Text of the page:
Our Book of Discipline defines our position, saying that the Church "...does not condone the practice of homosexuality and consider(s) this practice incompatible with Christian teaching."
According to the UMNS article:
"A council subcommittee had recommended replacing that proscription with language that the church does not condone sexual relationships between people of heterosexual or homosexual orientation 'outside the bonds of a faithful, loving and committed relationship between two persons; marriage, where legally possible.'"Now, the homosexuality is not a major issue for me. I have taken homosexuals into Church membership, and would consider doing so again. I have friends who are practicing homosexuals. I also believe, however, that all sides need to respect and practice Church teaching, and I have been disappointed when parties seek loopholes in an effort to, in my view, be disingenuous. The Bishops have the right, I suppose, to suggest any change in policy they see fit to suggest, providing that they, too, abide by canon law, regardless of their personal feelings. If they cannot do that in good conscience, then there is no shame in resignation.
What bothers me about the entire affair isn't that the Bishops talked about the issue, nor that they considered a proposal to change the position of the Church. What bothers me is that the issue was tabled. Not defeated, amended, or passed...tabled.
Retired Bishop Jack Tuell said that the Council of Bishops is, "...somewhat immobilized these days on some of these issues that are really facing our church...", making public his hope that, "...we will find the ways more intentionally to be about the business of giving leadership in this area."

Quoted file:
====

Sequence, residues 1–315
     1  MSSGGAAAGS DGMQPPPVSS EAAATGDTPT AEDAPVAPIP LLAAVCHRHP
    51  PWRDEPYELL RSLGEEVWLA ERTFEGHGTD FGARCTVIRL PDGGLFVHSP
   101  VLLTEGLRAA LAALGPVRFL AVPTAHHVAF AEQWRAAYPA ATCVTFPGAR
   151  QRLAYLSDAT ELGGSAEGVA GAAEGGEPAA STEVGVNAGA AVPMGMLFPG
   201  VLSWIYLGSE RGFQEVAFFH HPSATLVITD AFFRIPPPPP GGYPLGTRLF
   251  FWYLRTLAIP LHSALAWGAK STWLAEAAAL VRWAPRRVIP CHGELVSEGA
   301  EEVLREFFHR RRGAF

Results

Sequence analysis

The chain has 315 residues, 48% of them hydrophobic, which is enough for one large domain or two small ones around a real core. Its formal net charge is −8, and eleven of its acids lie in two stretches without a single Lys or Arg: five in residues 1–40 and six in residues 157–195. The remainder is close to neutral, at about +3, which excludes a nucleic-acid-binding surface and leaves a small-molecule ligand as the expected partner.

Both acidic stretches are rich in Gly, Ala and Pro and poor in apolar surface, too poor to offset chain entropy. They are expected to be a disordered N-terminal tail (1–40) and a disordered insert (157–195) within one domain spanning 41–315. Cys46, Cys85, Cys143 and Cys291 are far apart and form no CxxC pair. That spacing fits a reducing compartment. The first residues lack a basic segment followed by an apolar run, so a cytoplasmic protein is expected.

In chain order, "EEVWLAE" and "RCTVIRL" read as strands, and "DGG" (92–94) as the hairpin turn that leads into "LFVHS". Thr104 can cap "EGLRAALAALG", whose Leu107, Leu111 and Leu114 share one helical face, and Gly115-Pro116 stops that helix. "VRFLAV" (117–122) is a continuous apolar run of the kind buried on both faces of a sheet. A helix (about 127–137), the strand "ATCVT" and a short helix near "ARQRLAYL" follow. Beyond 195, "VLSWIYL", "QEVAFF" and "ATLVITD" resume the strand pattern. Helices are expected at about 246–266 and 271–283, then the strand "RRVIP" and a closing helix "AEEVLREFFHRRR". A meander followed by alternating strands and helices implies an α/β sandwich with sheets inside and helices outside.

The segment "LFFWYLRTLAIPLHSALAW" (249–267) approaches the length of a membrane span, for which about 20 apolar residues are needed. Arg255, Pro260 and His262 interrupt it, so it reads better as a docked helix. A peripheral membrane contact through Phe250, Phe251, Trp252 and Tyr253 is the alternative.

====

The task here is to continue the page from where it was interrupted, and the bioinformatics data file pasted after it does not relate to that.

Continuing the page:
The article says of Bishop Tuell, "While acknowledging that he did not have suggestions on the 'right way to give leadership', Tuell said he believes 'that almost any thoughtful plan of leadership would be superior to prudent silence.'"
Why was the proposal tabled?
"Oklahoma Bishop Robert Hayes, who is secretary of the administrative committee, said advancing the recommendation on homosexuality would have 'proven to be divisive and counterproductive to the unity that currently exists in the Council of Bishops and to the church today.'"
Unity is a wonderful thing, and it is worth pursuing. I believe, for example, that it is every pastor's obligation to seek and to nurture ecumenical cooperation in their respective ministry setting, and also feel that failure to do so is completely irresponsible and unfaithful. Unity is important, and leading it is crucial.
But leadership sometimes requires risking disunity. There's nothing wrong with upsetting soomeone to do what you feel is the right thing. If the Bishops feel that the Church needs to accept homosexual behavior as a viable Christian practice, they should say so. Yes, this might lead to real problems (and likely schism), but if they feel strongly enough, say it.
The Church has suffered from a lack of episcopal leadership on this issue (and other issues as well). The Council of Bishops has seemed more intent on preserving their own unity than in leading the Church, one way or the other. They have seemed afraid of leadership; not what we want to see in our episcopal leaders! The Church and her mission deserve better.
Several years ago, for example, when the Iraq War began, the Bishops were silent. Two years later, when much of the public had turned against the war, many our Bishops released a statement saying, essentially, "Oops; we should have spoken up two years ago...we don't think this war is a good idea." That, to me, was cowardice, not leadership, and it was too little, too late.
I have considered the possibility of leadership by silence. But at some point, I believe, that needs to transform into words and/or actions.
Leadership is a risk-taking venture. Sometimes, it means fighting for unity. In times of uncertainty, to lead means to risk anger, disunity, and failure. I pray that our Bishops decide at some point to lead, rather than to remain silent.